(Source: TRTWorld, Democracy Now, DW and Arte Documentary) –
The US Secretary of State has described violence in Tigray in Ethiopia as ‘ethnic cleansing’. Ethiopian Prime Minister Abiy Ahmed launched an operation against the Tigray Peoples Liberation Front in November. Troops from neighbouring Eritrea are also involved in the conflict. Antony Blinken says he wants an independent investigation into the reported human rights abuses. Stephen Cornish, General director for Doctors without Borders weighs in.
The United Nations has reached a deal with Ethiopia’s government to allow humanitarian access to the northern Tigray region and start providing aid. Ethiopian Prime Minister Abiy Ahmed launched military action against regional forces one month ago, setting off a bloody conflict and adding to the already alarming number of displaced people and refugees in the country and neighboring nations. Ethiopia has declared victory after announcing it took control of the capital of Tigray, but the Tigray People’s Liberation Front says they are continuing to fight. CNN senior international correspondent Nima Elbagir says what is happening Ethiopia is “a conflict over power that has descended into potentially a form of ethnic cleansing,” with Tigray people being “targeted based on the ethnic distinction on their ID cards.”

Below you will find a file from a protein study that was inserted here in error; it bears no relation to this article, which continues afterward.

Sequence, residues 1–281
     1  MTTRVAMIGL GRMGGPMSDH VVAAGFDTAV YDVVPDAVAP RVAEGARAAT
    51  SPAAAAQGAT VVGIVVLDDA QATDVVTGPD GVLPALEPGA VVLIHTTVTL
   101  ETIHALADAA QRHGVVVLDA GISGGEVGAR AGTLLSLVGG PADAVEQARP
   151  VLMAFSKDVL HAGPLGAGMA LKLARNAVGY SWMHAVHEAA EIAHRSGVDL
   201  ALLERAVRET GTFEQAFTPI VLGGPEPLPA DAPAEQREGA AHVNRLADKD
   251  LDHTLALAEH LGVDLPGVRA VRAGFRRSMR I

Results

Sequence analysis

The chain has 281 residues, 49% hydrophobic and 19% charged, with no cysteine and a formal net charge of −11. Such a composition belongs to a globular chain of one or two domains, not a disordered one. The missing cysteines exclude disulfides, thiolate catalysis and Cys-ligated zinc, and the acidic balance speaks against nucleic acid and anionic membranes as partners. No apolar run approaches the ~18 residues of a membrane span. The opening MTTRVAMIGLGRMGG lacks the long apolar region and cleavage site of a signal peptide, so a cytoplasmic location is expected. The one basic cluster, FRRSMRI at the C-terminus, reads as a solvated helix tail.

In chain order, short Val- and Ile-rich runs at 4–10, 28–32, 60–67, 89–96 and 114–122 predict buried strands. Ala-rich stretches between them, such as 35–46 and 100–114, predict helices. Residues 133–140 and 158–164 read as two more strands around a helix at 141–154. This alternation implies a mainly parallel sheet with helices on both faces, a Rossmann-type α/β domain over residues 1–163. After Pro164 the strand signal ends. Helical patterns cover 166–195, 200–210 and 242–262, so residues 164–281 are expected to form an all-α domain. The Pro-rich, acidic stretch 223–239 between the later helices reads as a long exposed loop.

It’s been just over four months since the conflict in Ethiopia’s Tigray region began, yet details of events on the ground have been limited. That’s because the government restricted access to the area for humanitarian workers and the media. Still, there have been reports of abuses by government-backed forces against civilians. Among these are accounts of rape, involving soldiers – causing great physical and mental damage to their victims.
Tigrayans have been caught up in war and have had to flee Ethiopia. Across the border in Sudan they are welcomed in camps. Yarid, a maths teacher, and his wife Saba try to make the best of things in their new home.